With hindsight, this might not have been the best decision. I had very little experience in academia and I knew very few people in the system. I did not even consider applying for a Ph.D. position at other universities; I don’t think I even realized this was an option! My advice would be to not do what I did and to carefully think about where and on what you will spend a significant amount of time. I was lucky that I ended up researching two topics, CP violation, and effective field theories, that I still enjoy very much. But this was in no way because I made a careful decision.


 In 140 characters, explain your research:

The laws of physics obey certain symmetries. I study violations of such symmetries that would provide clues towards outstanding puzzles in fundamental physics. (137 characters!)


 What class in the undergraduate curriculum is closest to your research?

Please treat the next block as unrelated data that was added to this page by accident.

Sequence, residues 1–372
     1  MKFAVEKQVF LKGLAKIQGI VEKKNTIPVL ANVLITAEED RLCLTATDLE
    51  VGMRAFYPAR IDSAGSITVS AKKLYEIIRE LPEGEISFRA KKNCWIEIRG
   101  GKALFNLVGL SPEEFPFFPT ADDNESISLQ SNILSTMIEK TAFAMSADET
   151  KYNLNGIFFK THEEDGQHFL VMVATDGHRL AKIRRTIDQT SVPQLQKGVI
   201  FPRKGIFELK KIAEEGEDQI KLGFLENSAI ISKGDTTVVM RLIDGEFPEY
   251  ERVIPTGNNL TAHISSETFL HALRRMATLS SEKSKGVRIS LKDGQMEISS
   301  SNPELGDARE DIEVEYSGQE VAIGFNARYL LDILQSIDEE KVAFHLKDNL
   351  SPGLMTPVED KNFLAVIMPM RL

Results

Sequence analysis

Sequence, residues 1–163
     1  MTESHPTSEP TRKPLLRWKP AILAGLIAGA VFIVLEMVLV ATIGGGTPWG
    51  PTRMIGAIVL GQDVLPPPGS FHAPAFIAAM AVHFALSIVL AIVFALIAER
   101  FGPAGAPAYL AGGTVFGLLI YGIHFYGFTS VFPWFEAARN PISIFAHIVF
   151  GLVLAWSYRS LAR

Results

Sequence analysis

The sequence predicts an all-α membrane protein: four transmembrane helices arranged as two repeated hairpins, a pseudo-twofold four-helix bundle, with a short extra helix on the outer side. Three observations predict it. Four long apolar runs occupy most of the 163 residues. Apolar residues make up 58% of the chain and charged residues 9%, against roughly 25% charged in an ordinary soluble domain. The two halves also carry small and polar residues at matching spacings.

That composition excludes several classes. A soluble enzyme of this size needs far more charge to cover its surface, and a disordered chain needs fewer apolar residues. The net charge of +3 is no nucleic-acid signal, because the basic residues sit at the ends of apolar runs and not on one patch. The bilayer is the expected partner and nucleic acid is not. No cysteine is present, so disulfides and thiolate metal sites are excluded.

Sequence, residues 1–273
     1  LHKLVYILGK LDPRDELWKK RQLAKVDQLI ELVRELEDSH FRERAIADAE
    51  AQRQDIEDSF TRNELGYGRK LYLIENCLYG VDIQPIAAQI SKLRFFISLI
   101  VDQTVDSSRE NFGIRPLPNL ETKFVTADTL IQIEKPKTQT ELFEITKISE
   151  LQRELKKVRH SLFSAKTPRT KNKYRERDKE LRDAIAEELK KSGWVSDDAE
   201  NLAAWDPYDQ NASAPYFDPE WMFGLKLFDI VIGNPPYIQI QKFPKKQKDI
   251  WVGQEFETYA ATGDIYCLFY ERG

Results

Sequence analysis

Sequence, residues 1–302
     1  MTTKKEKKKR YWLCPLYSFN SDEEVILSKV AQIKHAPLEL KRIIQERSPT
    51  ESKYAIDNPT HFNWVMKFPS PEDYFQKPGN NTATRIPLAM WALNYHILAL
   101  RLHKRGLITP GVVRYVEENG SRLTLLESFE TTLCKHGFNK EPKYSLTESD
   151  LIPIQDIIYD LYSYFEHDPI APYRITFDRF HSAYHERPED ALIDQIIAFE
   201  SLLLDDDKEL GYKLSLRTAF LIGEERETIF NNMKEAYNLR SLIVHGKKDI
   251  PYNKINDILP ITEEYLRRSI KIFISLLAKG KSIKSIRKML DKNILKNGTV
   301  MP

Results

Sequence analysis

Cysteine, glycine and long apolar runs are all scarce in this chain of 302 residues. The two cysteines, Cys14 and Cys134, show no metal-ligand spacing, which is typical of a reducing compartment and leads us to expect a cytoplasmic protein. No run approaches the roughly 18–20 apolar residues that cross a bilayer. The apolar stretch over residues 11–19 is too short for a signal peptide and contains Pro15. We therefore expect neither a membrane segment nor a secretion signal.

Probably the class I am currently teaching: P556 Particles and Nuclei. Here we study how elementary particles interact and how they form complex objects like protons, neutrons, and even nuclei. A crucial role is played by the fundamental symmetries that dictate these interactions.


 Do you take undergraduates in your research group?  What type of work do they do?  Have you published any papers with undergraduates?

It is somewhat tricky because of many aspects of my research deal with quantum field theory, a graduate-level course. That being said, I have worked with several undergraduate students. One Bachelor student I supervised, worked on understanding how the synthesis of atomic nuclei in the early universe would be affected if we slightly change the theory of the strong interaction. I was very impressed by how far she got! We wanted to write this up in a paper but hit some difficulties we could not solve. I still haven’t solved this by the way…